The housing minister, Grant Shapps, has just finished consulting on a new set of rules, refining laws introduced in 2008, to give council tenants the right to take over the management of their estates and request that ownership ‘be transferred from the council to a local housing association’. ‘Nobody knows the needs of a neighbourhood better than the local community,’ Shapps says. ‘Now I want to see tenants use these powers to prove us right.’
One group of tenants who intend to take him at his word are the residents of the West Kensington and Gibbs Green estates, which belong to Tory-controlled Hammersmith and Fulham Council. Overlooked by Earls Court, the estates have 760 houses and flats close to tube stations, health centres, a market and other local amenities. There are five tower blocks but also plenty of low-rise flats and houses, many with gardens. On the face of it the estates are a big asset to the borough – homes with affordable rents and easy access to central London.
The council sees them differently. Stephen Greenhalgh, the former council leader who now works with Boris Johnson, has strong views about housing. In 2009 he was one of the authors of a pamphlet that called for an end to security of tenure for council tenants, raising council rents to market levels and removing rights from homeless people. Many of his proposals are now government policy.
Greenhalgh apparently told residents in 2009 that he only wanted ‘affluent people’ living on the estates. The council plans to demolish everything and has signed up with a private developer to build 7500 new flats, most of which will go on sale at prices well out of the reach of current residents.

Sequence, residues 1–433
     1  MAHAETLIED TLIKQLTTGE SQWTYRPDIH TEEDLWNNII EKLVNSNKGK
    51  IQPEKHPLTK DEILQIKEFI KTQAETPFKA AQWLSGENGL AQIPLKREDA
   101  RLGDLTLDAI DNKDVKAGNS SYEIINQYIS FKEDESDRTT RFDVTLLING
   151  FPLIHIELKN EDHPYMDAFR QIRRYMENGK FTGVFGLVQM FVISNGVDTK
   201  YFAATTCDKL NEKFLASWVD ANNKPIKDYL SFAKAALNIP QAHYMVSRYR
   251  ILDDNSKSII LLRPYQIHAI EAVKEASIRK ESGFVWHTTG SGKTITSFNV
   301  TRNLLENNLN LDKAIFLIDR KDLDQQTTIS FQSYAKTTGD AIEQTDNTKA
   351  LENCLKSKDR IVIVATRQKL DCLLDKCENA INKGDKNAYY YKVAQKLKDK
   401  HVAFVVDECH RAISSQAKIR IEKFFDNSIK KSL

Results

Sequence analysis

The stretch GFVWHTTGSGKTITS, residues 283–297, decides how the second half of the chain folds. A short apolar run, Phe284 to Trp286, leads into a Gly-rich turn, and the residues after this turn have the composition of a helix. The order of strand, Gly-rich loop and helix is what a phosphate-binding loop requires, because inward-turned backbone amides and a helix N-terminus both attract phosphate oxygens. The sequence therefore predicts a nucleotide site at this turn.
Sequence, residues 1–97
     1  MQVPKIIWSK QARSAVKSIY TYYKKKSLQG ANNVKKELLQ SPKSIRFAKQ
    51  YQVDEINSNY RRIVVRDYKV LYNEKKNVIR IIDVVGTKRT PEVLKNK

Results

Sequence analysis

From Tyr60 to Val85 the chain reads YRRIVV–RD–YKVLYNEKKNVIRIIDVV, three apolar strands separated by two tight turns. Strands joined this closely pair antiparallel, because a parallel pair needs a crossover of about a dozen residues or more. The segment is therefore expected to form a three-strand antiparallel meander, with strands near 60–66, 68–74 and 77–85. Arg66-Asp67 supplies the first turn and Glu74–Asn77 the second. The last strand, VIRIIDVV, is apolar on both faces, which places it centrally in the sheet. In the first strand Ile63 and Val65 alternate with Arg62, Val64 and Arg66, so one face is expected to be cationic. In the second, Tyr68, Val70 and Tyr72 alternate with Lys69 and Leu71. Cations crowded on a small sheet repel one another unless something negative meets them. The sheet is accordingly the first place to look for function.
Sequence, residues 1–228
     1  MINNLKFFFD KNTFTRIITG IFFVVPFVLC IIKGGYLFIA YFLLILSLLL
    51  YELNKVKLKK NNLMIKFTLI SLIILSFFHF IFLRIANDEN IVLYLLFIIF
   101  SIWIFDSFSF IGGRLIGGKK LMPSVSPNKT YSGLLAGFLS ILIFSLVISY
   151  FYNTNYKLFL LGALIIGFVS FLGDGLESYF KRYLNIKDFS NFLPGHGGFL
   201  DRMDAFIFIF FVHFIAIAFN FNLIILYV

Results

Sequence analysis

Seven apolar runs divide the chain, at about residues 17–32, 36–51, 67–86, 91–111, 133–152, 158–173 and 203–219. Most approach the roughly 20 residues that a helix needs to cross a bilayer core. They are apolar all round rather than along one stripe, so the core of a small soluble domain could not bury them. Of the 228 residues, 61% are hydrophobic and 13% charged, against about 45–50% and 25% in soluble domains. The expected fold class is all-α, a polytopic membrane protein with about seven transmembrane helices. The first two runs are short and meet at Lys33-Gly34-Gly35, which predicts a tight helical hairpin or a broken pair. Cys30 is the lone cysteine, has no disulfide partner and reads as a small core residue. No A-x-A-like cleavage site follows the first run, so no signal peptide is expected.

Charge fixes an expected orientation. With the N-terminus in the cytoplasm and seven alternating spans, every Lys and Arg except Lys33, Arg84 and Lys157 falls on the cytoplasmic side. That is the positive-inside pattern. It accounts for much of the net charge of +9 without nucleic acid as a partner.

Residents have been campaigning to take over the estates since 2009, when they publicly served a ‘notice to quit’ on the council. The council ignored the notice but has since been obliged to survey residents on the redevelopment plans. The majority of those who responded are opposed, though the council has done its best to spin the results the other way.
As long as the tenants and leaseholders stay firm, it will be a long and costly process to displace them. Meanwhile, if Shapps’s new regulations are made law, the residents will be able to bid to take over the estates, and the housing minister will have to adjudicate. If he means what he says, you’d think he’d have to decide in the tenants’ favour against the council.
Hammersmith and Fulham’s policies have been compared to the notorious practices in Westminster in the 1980s, when Shirley Porter cut the number of council houses in the borough through illegal sales. Residents of a pair of Westminster estates launched a campaign, using Tory legislation, to protect their homes from being sold. The resident-controlled housing association they set up, Walterton and Elgin Community Homes, still owns the 640 properties. The architect of that campaign was Jonathan Rosenberg, now the lead campaigner for the residents of West Ken and Gibbs Green.
Original post and comments: London Review of Books